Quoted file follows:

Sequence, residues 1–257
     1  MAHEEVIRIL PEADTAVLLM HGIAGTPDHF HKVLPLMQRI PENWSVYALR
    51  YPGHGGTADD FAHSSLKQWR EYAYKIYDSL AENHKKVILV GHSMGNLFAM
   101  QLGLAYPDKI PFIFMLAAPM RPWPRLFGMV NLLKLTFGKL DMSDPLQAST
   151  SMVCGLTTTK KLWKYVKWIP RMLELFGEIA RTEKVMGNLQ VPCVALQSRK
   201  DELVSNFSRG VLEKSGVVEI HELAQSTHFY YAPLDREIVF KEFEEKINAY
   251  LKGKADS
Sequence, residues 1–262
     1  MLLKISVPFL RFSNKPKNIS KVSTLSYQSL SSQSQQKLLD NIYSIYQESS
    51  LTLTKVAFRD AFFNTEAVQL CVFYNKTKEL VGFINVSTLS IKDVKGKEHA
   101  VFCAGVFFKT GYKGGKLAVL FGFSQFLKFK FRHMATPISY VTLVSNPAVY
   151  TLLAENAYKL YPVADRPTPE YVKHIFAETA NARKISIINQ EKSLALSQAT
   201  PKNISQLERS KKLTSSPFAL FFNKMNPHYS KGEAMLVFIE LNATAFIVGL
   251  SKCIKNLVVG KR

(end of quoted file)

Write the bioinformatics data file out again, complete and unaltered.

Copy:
Sequence, residues 1–257
     1  MAHEEVIRIL PEADTAVLLM HGIAGTPDHF HKVLPLMQRI PENWSVYALR
    51  YPGHGGTADD FAHSSLKQWR EYAYKIYDSL AENHKKVILV GHSMGNLFAM
   101  QLGLAYPDKI PFIFMLAAPM RPWPRLFGMV NLLKLTFGKL DMSDPLQAST
   151  SMVCGLTTTK KLWKYVKWIP RMLELFGEIA RTEKVMGNLQ VPCVALQSRK
   201  DELVSNFSRG VLEKSGVVEI HELAQSTHFY YAPLDREIVF KEFEEKINAY
   251  LKGKADS
Sequence, residues 1–262
     1  MLLKISVPFL RFSNKPKNIS KVSTLSYQSL SSQSQQKLLD NIYSIYQESS
    51  LTLTKVAFRD AFFNTEAVQL CVFYNKTKEL VGFINVSTLS IKDVKGKEHA
   101  VFCAGVFFKT GYKGGKLAVL FGFSQFLKFK FRHMATPISY VTLVSNPAVY
   151  TLLAENAYKL YPVADRPTPE YVKHIFAETA NARKISIINQ EKSLALSQAT
   201  PKNISQLERS KKLTSSPFAL FFNKMNPHYS KGEAMLVFIE LNATAFIVGL
   251  SKCIKNLVVG KR